Shakun Batra: “It is impossible to grow without being uncomfortable”

The director made his debut 11 years ago with Ek Main Aur Ekk Tu and has established himself as one of Hindi cinema’s most sensitive storytellers
Shakun Batra: “It is impossible to grow without being uncomfortable”

For Shakun Batra, the past is not foreign territory. Rather, it’s the bedrock of the present, steeped with secrets, unanswered questions and heartbreak. The past inevitably creeps up on the characters in a Shakun Batra story, which almost always masquerades as a romance before revealing itself to be something very different. For instance, Ek Main Aur Ekk Tu (2012), starring Kareena Kapoor Khan and Imran Khan, seems like a romantic comedy with its teasing, warm banter — until the final 30 minutes. The conflict between them is simple: Rahul is in love with Rianna and Rianna isn’t. While this is novel in itself, its treatment is even more so. The song that follows their row – “Teri Aahatein”, sung in the soothing voices of Karthik and Shilpa Rao – picturises a quintessential lovers’ spat. Their misery is given equal ground: If Rahul wallows in bed, Rianna walks around in an empty daze.

If a Hindi film allows its hero the disgrace of being rejected by the love of his life, it’s almost always because of The Other Man. Much like a persistent dudebro at a bar, Bollywood’s hero is ready to (reluctantly) give up his place at the woman’s table only if it is being occupied by another man. Unless, of course, it’s a Shakun Batra film. In Batra’s world, friendship – even when it is between a man and a woman – leaks into love. It is a nod towards the undeniably grey nature of relationships and Ek Main Aur Ekk Tu was a tiny but profound step away from the simplification of love in mainstream Hindi cinema.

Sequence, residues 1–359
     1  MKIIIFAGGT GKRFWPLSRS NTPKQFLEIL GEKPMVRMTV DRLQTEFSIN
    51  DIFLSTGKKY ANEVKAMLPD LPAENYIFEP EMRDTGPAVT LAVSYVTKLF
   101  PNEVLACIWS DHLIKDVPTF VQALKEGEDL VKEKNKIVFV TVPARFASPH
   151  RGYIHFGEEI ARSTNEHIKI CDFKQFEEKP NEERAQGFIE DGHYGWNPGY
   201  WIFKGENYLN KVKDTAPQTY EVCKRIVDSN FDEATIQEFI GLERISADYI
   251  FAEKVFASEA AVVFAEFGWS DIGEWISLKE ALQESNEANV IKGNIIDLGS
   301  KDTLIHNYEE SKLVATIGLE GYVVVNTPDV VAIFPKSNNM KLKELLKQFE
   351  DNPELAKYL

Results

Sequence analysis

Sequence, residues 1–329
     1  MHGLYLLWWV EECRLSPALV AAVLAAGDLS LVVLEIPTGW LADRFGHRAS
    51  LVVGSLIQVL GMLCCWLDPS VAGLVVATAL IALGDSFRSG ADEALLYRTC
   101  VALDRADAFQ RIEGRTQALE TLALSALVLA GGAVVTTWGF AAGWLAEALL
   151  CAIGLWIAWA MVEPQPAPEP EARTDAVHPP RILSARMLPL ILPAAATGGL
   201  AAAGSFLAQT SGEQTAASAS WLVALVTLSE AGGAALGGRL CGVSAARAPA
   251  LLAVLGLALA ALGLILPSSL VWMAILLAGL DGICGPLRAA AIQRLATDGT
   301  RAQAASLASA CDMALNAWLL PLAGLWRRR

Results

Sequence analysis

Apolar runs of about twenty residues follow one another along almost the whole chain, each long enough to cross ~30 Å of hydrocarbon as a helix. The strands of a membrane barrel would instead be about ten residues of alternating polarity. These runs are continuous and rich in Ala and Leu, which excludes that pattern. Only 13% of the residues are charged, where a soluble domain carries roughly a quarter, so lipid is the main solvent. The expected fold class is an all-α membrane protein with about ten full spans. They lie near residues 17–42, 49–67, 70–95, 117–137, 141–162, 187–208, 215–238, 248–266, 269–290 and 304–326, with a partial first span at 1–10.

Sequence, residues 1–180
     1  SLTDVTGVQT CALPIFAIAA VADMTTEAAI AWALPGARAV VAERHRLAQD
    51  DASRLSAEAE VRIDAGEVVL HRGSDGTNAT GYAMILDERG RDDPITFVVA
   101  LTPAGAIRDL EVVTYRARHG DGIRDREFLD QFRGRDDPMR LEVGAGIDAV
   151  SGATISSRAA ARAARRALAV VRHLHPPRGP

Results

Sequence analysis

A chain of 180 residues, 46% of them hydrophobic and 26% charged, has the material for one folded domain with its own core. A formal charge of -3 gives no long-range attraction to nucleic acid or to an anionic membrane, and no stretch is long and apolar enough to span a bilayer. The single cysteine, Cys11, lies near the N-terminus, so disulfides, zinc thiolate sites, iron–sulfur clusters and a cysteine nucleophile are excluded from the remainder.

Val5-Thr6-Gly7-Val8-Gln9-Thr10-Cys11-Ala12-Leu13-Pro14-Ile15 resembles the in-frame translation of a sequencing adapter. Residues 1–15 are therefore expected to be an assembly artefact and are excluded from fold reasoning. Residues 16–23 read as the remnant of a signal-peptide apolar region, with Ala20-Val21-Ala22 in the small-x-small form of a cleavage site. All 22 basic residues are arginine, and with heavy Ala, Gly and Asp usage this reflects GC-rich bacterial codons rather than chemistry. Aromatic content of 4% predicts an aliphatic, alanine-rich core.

Over 11 years, Batra has only taken longer and more experimental strides in this direction. His last feature Gehraiyaan (2021) showed a genre shift that few expected and opened to polarising opinions. Until Gehraiyaan, the audience associated Batra best with his 2016 family drama, Kapoor & Sons. He has faced accusations of writing stories featuring only privileged characters (though nobody can deny that these characters are also riveting). In the three films he’s made so far, Batra has introduced us to nuanced personas brought to life by some of the most talented actors in the industry: Alia Bhatt, Ratna Pathak Shah, Rajat Kapoor, Deepika Padukone, Fawad Khan, Kareena Kapoor Khan, to name a few. The emotional tangles they must unravel differ, but Batra’s characters invariably have a few things in common: A secret, a terrible past and its irrevocable damage.